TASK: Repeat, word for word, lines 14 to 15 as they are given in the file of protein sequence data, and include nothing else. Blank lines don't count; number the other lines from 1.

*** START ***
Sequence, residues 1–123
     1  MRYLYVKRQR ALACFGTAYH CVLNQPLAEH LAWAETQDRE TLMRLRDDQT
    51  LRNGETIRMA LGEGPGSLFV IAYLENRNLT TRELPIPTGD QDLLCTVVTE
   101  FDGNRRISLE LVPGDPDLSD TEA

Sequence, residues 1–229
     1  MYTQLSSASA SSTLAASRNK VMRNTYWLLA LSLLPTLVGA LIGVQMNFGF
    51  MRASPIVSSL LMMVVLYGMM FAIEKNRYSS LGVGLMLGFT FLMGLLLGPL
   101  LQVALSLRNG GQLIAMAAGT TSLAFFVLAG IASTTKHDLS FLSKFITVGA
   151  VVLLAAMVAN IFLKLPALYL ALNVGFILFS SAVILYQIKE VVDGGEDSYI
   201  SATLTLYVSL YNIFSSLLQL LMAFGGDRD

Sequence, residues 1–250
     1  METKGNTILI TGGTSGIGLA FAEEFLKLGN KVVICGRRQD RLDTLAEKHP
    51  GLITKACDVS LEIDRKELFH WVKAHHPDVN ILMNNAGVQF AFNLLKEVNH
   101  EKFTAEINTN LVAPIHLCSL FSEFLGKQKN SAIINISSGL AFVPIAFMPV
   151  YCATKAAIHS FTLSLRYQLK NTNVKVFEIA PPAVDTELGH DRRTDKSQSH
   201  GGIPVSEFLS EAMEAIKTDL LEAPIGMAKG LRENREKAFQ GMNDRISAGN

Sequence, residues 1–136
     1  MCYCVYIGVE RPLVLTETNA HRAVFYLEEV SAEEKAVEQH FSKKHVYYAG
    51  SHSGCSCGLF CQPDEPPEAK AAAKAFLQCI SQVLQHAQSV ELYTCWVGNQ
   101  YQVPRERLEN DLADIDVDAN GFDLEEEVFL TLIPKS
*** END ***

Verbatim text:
   101  EKFTAEINTN LVAPIHLCSL FSEFLGKQKN SAIINISSGL AFVPIAFMPV
   151  YCATKAAIHS FTLSLRYQLK NTNVKVFEIA PPAVDTELGH DRRTDKSQSH